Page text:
Usually, faith festivals are held in August, the hottest month in South Korea. Even this year, there were calls to cut short a big international scout festival because of excessive heat.

Notably, Francis didn’t promise to be in Seoul – he will be 90 in 2027. But he noted there will be an earlier occasion for a youth jamboree in 2025 when the Vatican hosts a Jubilee year expected to draw more than 30 million pilgrims to Rome.

Over the last few days, Francis has ditched speeches in favor of off-the-cuff conversations with young people and substituted a formal prayer for peace in Ukraine at the Fatima shrine, long associated with exhortations of peace and conversion in Russia. The Vatican later published part of the prayer on the social media platform X, formerly known as Twitter.

Responding to questions about whether the pope’s health is the reason behind his ignored speeches, the Vatican spokesman, Matteo Bruni, said Francis is in good shape and isn’t suffering any eyesight problems that might make reading his remarks difficult.

The young people seemed thrilled with all that he’s been saying. They braved a searing temperature of 38 degrees C (100 F) on Saturday to be in place for his evening vigil service.

They woke Sunday as the sun rose over the River Tagus. Many had slept on mats, cots and the bare ground to be in place for Francis’ Mass, scheduled for early to avoid midday temperatures that were expected to hit 40 degrees C (104 F). Starting at dawn, a priest-DJ started spinning thumping reggae and Christian hymns from the sound system.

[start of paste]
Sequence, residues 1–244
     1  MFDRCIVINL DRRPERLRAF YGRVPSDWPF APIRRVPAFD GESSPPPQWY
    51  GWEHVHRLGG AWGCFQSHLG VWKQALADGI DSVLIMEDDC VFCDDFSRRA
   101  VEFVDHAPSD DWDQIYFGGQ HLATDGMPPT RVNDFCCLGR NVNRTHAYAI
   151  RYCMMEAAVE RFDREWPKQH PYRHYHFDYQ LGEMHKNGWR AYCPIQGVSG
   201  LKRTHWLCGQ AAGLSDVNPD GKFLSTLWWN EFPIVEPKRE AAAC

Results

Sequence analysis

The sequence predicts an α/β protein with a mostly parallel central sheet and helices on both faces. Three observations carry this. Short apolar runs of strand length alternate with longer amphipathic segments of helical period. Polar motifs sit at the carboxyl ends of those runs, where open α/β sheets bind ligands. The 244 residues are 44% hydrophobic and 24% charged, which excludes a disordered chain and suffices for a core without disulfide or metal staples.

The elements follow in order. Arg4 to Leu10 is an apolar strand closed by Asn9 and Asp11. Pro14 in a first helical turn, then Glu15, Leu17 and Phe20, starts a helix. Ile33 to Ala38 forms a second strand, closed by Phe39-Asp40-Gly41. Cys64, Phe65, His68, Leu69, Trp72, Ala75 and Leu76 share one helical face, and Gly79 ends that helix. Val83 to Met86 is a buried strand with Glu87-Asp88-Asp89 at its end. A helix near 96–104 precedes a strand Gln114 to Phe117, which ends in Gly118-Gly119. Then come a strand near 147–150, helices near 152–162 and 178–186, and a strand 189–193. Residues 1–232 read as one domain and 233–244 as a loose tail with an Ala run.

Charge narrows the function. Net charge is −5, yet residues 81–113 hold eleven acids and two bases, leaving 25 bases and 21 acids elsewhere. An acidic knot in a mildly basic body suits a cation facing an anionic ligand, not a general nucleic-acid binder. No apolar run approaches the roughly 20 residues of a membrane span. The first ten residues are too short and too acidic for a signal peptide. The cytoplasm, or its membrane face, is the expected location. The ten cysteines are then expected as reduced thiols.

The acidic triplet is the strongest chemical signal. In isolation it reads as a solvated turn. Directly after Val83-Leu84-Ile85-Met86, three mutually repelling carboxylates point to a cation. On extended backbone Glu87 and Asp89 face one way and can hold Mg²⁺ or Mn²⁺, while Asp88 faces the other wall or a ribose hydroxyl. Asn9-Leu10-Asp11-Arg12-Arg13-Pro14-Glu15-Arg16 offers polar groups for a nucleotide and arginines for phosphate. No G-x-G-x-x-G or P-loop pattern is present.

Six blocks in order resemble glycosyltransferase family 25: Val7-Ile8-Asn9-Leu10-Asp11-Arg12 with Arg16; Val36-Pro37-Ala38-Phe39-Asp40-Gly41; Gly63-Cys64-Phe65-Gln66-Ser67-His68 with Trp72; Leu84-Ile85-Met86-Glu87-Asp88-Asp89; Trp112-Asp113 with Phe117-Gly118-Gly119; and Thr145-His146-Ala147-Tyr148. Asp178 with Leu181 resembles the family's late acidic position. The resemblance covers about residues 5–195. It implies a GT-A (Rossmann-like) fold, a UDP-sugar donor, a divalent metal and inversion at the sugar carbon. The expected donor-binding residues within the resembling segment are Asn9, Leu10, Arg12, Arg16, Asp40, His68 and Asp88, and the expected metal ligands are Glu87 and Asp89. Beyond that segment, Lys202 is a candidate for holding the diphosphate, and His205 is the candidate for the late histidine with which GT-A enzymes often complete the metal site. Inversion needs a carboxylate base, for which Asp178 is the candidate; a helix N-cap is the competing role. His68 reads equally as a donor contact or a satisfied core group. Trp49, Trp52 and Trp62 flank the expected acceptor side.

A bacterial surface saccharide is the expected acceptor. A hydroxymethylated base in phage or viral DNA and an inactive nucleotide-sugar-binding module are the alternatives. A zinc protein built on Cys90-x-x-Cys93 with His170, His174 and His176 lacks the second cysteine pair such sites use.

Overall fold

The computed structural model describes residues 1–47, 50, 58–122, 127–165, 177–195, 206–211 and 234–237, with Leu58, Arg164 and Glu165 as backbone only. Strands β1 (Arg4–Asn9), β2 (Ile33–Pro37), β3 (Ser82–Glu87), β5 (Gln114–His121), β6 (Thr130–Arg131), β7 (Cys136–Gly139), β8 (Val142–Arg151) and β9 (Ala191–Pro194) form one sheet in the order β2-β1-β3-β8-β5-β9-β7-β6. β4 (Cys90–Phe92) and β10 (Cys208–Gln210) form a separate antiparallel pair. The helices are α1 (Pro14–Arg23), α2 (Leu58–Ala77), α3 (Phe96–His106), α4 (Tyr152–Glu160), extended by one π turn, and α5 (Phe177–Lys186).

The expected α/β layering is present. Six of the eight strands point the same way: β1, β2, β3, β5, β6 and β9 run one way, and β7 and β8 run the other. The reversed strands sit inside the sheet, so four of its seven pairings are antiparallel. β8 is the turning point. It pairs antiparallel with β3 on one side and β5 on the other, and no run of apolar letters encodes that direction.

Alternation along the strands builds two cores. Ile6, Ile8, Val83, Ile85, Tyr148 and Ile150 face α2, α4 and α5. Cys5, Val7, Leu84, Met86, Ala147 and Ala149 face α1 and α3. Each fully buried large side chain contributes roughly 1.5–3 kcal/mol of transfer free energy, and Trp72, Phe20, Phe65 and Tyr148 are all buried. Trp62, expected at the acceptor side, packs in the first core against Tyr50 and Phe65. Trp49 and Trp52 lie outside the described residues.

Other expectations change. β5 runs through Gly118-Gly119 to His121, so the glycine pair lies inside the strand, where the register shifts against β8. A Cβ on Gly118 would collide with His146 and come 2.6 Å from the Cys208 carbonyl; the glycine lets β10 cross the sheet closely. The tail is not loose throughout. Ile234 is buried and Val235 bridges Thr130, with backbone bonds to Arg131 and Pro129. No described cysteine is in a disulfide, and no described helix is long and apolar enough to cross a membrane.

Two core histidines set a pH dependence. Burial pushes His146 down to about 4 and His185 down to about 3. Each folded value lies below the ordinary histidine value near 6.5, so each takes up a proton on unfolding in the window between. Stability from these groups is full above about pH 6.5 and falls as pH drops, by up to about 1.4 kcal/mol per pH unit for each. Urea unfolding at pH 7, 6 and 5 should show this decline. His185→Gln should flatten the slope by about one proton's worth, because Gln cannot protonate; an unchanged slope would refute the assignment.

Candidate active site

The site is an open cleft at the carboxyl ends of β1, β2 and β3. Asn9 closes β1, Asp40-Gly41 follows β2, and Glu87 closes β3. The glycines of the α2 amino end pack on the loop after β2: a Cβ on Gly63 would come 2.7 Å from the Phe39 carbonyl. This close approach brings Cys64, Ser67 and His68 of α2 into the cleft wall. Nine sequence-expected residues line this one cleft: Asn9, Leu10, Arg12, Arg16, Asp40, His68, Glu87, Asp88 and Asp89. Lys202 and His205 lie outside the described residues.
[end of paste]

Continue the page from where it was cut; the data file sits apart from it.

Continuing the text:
Francis’ message this week has been one of inclusivity, insisting that “everyone, everyone, everyone” has a place in the church. That is consistent with his message that the church isn’t a place of rigid rules where only the perfect can be let in, but rather a “field hospital” for wounded souls, where all are welcome.

Lisbon Cardinal Manuel Clemente said the pope wanted the event to be “open … to everyone, showing the breadth of the Gospel, which excludes no one and is open to all.”

“It’s something really important in today’s world to accept us as we are, and to know our place as Christians, and to validate it,” said Doriane Kilundu, a 23-year-old pilgrim from the Democratic Republic of Congo. “We really support the message of the pope and we are happy to be here.”

Kilundu said the experience of spending the night on the field, with 1.5 million other people of faith, was a first for her and other Congolese pilgrims.

“I’m in the company of young girls from my country that for the first time are confronted with people from other places, and to understand that we are one nation, and for us is beautiful,” she said.


Filipe Bento and Jorge Jeronimo contributed.


Associated Press religion coverage receives support through the AP’s collaboration with The Conversation US, with funding from Lilly Endowment Inc. The AP is solely responsible for this content.